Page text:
Name: Christopher Jug George
City/State: Saint Paul, Minnesota
Email: jug.george at gmail.com
Facebook page: Christopher Jug George
Christopher Jug George is a writer, photographer, and filmmaker who lives in St. Paul, Minnesota. He is originally from The Valley of the Jolly Green Giant, also known as Le Sueur, Minnesota. George writes flash fiction, short stories and is currently working on a novel set in his hometown called King Corn. George was recently published in the winter print edition of Flash: The International Short-Short Story Magazine.
Tell me about your work?
I write micro fiction, flash fiction, visual flash fiction, short stories, and am currently writing a novel. I do most of my writing at a cabin on the Saint Croix River that is generously donated to me for brief writing trips that I spread out over the course of Spring, Summer, and Fall. I am a writer entrenched in the past and nature. At the cabin I wake up before the sunrise. I move through the dark with coffee in hand and sit on a bench halfway down the stairs built into the river bank. Then I wait for the sun, birds, water, and trees to be visible. As the sun starts to shed light on my surroundings I use my camera to turn nature into my own alternate universe. I twist the island before me with my camera lens and turn it into a feather, an ink pen, a woman’s arm in a fur coat, a rocket ship, whatever I see. I use that camera as a portal to my fiction. I head up to the screened in patio shortly after and find myself walking around in the places I will be writing about. I pretend its the 1970s outside, or whatever decade I chose, and those characters and settings are alive somewhere near me.
Visual flash fiction is what you will find on christopherjuggeorge.com. Old photographs or my own photographs accompanying flash fiction. Sometimes the picture is found after the words and sometimes the picture inspires the words.
I’m addicted to old photographs. Furthering what I was talking about above, they are time traveling units. Especially family photos. The look on someones face could send me somewhere I’ve never been or help me recall something from long ago or start a sentimental 70s song in my head that takes me to a scene. They could be vacation photos as well where the vastness of land behind a family looks like a tidal wave of beauty ready to envelop them where they stand. Or the simplicity of a random street scene can spark an idea. Certain faces take me beyond the stillness of the photograph. I see tragedy there or hope. Sometimes I end up back at their house, sometimes I get distracted and end up at the neighbors or the park across the way, or the photo will trigger a sentence that drops from the sky and has nothing to do with the pictures. Pictures of nature in any form are extremely poignant to me and can leave me transfixed. And, of course, nature itself. Objects in the distance fascinate me or views of endless land or the closeness of living things in the woods. Or just a plain green yard. We are in outer space ourselves after all.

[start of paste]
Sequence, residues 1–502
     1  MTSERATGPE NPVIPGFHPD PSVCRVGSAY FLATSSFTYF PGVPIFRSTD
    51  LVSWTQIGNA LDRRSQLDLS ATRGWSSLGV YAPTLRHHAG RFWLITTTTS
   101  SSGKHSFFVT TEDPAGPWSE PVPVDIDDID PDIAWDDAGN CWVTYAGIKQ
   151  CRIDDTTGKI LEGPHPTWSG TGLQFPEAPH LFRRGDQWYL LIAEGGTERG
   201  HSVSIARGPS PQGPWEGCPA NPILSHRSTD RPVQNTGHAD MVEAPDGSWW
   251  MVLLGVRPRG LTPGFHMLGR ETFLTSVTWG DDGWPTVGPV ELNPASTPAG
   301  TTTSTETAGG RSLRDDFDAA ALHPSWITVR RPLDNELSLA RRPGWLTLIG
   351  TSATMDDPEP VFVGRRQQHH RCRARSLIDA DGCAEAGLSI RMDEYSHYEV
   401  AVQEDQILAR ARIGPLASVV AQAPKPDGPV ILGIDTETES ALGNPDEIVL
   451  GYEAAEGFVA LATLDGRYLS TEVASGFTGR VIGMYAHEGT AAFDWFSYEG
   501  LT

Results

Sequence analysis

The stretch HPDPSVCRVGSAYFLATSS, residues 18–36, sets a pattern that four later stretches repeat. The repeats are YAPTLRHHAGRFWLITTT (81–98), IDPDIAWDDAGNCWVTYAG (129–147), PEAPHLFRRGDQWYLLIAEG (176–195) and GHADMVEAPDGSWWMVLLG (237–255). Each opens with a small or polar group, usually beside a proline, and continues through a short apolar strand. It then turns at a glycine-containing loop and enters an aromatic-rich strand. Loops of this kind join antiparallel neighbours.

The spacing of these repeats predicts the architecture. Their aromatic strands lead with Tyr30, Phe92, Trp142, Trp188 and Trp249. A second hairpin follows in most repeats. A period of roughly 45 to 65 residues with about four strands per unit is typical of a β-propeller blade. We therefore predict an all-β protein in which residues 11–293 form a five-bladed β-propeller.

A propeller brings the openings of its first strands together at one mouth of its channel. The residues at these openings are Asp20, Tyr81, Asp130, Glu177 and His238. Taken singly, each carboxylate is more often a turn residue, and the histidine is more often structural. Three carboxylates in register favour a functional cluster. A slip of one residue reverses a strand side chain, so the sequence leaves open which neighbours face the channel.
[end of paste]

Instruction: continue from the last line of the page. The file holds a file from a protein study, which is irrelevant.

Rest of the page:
What are you currently working on?
The main project I’m working on is a novel about Terry Regal, in-house creative for the crumbling vegetable company King Corn (working title), a fictitious and bumbling rival to Green Giant Corporation 10 twisting Minnesota River miles away. I grew up in the Valley of the Jolly Green Giant and my father worked for Green Giant Corporation in Le Sueur, Minnesota so the subject matter is woven into my life. King Corn is about executives infiltrating the Green Giant headquarters to uncover their latest ad campaign which is the introducing of the Little Green Sprout. The novel is set in 1972 and it's more about the dreamlike encounters Terry Regal has with the giant that possibly exists within the Valley's green corridors and how that relates to his wife leaving him. It's also about intrigue, espionage, disguises, drunken stumbling from all different sorts, olympic trained Green Giant employes, and a woman who once made Terry's surreal world possible as if painting it as they went along. Ultimately it's about a man's love affair with nature and the majestic ravine bordering Terry Regal’s house.
I’m also compiling as many Visual Flash Fiction pieces as I can in hopes of putting out a book. My flash fiction stockroom is expanding weekly and I’d like to accumulate 200-300 pieces.
How is this different from past projects?
These projects differ because of my evolution as a writer. The way I see the world and my place in it is so much more secure; in my folly, in my views on love, in my comedy, in my simply walking down a sidewalk, country path or any place on Earth. It is creatively more clear but still cloudy enough that it is still unfolding before me and always will.
How did you decide to become an artist?
I was told. My high school teacher, Patty Prince, whispered it to me while handing me back a creative writing assignment, she pointed at my chest and said “You are a writer.” From that moment I considered myself one. Writing came easy to me but in that, it became very hard. I learned my craft, intentionally, from academic writing because I didn’t respond well in the only creative writing class I took at the University of Minnesota. In fact, the teacher told me writing would be a good hobby, quite the opposite statement of Patty. That is no knock on creative writing classes, it's different for everybody, it wasn't for me though. It probably would have done me some good as I can sometimes be awful at grammar and spelling. I became an American Studies major and thrived at writing academic papers, I knew that fiction was all I wanted to write but the American Studies discipline provided me with structure and repetition because there were seemingly two papers a week for a couple of years. Coming up with ideas and creative side was never an issue, I liked the places my mind took me early on and I just kept going back there.
What was the best advice given to you as an artist?
Virginia Woolf, in a book of her diaries (A Writer’s Diary), wrote -“I have been in such a haze and dream and intoxication, declaiming phrases, seeing scenes as I walk.” Nothing needs to be said about this.